July 6, 2022

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Even the smallest parts of plan will impact Galveston

2 min read

News // Science & Environment

Every component stands to change the landscape for people, wildlife and businesses.

Photo of Emily Foxhall


Members of the Gulf Coast Protection District Board listen to an update about a proposed site for the Galveston Ring Barrier System near the West End Seawall in Galveston on Wednesday, April 13, 2022.

Members of the Gulf Coast Protection District Board listen to an update about a proposed site for the Galveston Ring Barrier System near the West End Seawall in Galveston on Wednesday, April 13, 2022.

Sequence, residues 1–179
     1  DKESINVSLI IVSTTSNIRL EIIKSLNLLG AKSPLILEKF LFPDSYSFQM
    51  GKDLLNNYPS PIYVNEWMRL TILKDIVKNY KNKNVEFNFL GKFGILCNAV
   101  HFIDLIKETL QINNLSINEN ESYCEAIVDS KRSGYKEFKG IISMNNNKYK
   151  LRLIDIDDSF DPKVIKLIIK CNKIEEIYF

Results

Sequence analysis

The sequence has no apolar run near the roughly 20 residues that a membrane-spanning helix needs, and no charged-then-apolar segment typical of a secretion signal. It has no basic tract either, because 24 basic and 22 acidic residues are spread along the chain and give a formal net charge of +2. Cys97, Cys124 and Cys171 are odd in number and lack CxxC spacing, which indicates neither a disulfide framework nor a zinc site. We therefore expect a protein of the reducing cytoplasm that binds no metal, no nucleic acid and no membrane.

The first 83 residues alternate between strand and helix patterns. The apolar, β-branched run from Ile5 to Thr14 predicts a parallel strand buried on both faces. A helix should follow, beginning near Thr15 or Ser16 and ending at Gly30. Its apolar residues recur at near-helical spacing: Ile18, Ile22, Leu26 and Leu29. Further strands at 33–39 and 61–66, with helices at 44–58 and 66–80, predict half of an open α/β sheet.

Elizabeth Conley, Houston Chronicle / Staff photographer

GALVESTON — Federal engineers envisioned a massive version of the “Ike Dike” plan to protect the region from hurricane storm surge. It’s currently sitting with lawmakers, who have to decide whether to pay their share of the $29 billion proposal and move the years-long project ahead.

Those weighing these ideas must consider a granular level of detail, block-by-block, as a recent bus tour of the concept with the U.S. Army Corps of Engineers made clear. Every component of the new infrastructure stands to change the landscape for people, wildlife and businesses. Each small choice for the huge project matters, such as which homes get left unprotected and what color sand is used to build dunes.

Read the entire article at HoustonChronicle.com.




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